Lutchman points out that Sibanye chases after technology and in line with this approach it has developed a comprehensive security technology strategy. Security technology in fact underpins the mine’s entire operational security strategy, with CCTV, seismic and thermal technology providing an early warning system. As an example of security innovation at work, the company has installed a number of seismic sensors around its electrical sub stations.

The use of drones on mines is an interesting topic, but limitations placed on operators and the sheer cost of operating a drone, are often stumbling blocks to their implementation. Amongst other things, but certainly the most important factor, is that one needs to have a CAA approved and valid remote pilot licence as well as a letter of approval to operate the drone.

Lutchman says that the company has used drones intermittently in the past through an accredited service provider and is currently investigating the possibility of making it part of their in-house operation due to the fact that it is an innovative and fast way of getting ‘eyes in the air’, while working in tandem with an efficient ground-based reaction team.

Downie states that as we are moving into the virtual world almost every device has some form of built-in intelligence, allowing the ability for the mining environment to be more operationally productive in terms of reliability, coverage, reduced manpower and automated triggering of response. This therefore results in far more efficiency of processes to take place through a complex landscape.

He says that as a result, a primary area of focus is the implementation of a command and control centre, which affords the ability to manage the huge amounts of data that occur with increasing technology adoption. Too many devices, views and overload of information mean that traditional security environments no longer function efficiently. To achieve this efficiency, a high-level control room with very carefully mapped out customised integration of all these systems, driven by an incident management system and specialist staff, is essential. Management by exception is the ideal for any mine.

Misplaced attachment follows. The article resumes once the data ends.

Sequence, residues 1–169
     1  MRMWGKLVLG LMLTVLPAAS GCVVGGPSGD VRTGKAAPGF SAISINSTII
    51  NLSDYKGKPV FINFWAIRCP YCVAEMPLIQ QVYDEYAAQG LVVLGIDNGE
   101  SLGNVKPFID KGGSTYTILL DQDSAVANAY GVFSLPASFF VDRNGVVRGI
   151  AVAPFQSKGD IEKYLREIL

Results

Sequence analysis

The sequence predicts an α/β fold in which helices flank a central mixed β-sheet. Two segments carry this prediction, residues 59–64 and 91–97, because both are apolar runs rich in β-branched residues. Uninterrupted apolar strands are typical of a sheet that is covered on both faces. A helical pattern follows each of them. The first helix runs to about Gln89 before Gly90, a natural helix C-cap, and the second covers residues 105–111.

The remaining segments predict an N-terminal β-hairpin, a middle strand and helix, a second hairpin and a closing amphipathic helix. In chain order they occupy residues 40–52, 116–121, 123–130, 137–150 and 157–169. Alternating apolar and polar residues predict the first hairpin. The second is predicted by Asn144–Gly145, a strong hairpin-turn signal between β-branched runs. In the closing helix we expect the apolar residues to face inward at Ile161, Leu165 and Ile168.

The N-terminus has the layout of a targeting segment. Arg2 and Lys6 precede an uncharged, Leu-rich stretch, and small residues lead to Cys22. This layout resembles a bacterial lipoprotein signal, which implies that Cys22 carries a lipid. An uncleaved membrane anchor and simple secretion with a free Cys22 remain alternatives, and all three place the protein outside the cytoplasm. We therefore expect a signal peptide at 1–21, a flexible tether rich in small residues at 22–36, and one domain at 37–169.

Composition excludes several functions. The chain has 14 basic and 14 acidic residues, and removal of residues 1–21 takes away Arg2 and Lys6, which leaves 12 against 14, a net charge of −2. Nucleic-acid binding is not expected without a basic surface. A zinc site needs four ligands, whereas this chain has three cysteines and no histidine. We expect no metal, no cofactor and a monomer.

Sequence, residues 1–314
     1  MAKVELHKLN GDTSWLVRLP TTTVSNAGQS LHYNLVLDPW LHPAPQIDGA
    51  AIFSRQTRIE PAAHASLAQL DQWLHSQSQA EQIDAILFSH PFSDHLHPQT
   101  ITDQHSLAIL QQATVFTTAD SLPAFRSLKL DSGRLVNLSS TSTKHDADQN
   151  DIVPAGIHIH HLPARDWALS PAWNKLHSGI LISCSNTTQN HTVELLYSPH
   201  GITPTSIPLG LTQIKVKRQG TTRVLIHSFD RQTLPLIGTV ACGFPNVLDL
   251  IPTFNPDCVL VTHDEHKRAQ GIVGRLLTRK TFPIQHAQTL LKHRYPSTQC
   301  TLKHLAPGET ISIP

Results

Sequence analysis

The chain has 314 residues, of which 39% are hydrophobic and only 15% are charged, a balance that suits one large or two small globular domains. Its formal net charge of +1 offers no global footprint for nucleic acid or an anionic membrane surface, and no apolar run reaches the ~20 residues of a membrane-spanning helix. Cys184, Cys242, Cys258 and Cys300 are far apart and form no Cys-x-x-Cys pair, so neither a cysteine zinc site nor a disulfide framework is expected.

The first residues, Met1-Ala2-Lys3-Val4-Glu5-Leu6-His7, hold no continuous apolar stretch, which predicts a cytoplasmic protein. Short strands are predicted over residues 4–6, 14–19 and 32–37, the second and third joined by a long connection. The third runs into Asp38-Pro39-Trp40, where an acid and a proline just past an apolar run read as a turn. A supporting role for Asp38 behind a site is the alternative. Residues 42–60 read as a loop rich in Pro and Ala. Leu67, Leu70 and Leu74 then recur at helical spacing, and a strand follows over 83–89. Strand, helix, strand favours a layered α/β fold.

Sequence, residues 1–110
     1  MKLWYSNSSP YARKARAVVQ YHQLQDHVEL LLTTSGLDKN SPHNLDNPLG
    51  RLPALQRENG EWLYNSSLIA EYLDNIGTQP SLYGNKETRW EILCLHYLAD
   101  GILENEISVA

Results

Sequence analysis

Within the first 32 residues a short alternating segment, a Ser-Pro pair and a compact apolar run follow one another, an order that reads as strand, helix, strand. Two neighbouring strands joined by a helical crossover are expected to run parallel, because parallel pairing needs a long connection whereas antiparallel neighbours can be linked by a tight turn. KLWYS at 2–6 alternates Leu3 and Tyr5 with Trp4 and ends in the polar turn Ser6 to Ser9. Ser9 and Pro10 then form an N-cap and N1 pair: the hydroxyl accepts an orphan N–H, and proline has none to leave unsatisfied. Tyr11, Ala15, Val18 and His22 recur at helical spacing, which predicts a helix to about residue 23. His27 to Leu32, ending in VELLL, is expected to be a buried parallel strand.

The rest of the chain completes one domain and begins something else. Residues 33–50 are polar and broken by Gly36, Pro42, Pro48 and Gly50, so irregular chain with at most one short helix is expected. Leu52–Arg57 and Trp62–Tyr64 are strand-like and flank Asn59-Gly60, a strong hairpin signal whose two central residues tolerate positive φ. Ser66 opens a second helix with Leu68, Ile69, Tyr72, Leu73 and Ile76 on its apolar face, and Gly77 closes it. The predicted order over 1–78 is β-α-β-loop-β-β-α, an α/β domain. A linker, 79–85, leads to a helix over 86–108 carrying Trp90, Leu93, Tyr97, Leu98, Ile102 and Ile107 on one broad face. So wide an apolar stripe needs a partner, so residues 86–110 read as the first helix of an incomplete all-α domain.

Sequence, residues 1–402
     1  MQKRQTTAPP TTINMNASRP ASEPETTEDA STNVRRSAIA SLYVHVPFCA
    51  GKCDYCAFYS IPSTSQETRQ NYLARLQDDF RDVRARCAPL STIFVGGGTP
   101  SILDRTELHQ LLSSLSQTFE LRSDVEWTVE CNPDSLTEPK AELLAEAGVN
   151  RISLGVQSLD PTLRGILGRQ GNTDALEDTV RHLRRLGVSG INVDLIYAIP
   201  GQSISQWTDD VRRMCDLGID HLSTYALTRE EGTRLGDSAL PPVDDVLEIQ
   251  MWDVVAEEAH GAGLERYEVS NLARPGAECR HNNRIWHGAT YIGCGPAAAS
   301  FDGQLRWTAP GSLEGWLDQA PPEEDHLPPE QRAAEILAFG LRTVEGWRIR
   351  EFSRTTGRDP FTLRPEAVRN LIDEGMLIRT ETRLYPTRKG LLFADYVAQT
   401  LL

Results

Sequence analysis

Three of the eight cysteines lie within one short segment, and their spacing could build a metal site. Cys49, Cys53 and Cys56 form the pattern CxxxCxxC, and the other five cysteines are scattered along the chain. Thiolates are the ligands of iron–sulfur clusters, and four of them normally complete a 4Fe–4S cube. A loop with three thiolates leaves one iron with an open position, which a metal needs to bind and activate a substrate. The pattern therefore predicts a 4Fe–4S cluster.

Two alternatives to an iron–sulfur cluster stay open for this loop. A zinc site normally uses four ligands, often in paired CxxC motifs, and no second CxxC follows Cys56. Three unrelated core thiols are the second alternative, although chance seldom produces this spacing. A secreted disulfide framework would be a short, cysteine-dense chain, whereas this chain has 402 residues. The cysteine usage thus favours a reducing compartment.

Central management

Centralised security in the mining environment can only be fully functional and effectively managed through the use of a central management platform. Physical Security Information Management (PSIM), Furter says, should be an element in every mine manager’s arsenal. However, it is advised to take cognisance of the fact that it is complex and takes a long time to implement.

Downie adds that the core of any risk programme needs to be the ability to collect information, log it, track it and then generate meaningful reports. With this ability one can understand how efficient one’s operation is and then work towards improving the results to a satisfactory level. The risk programme should also allow automated notification when teams are performing in a sub-standard manner, and provide more certainty in terms of response to emergencies.

Effective security programmes should increase workflow and the correlation of data to the correct parties. The security programme should furthermore perform a variety of functions that include checking of compliance with corporate governance, tracking of standards, logging and management of incidents, automated workflow, integration of systems and powerful customised reporting.

It is essential that a balanced combination of technology and physical guarding is used to ensure that all aspects, from monitoring and detection, through to reaction, apprehension and prosecution, are effectively managed. In general, the mining industry is now seeing that security is an investment rather than as a cost.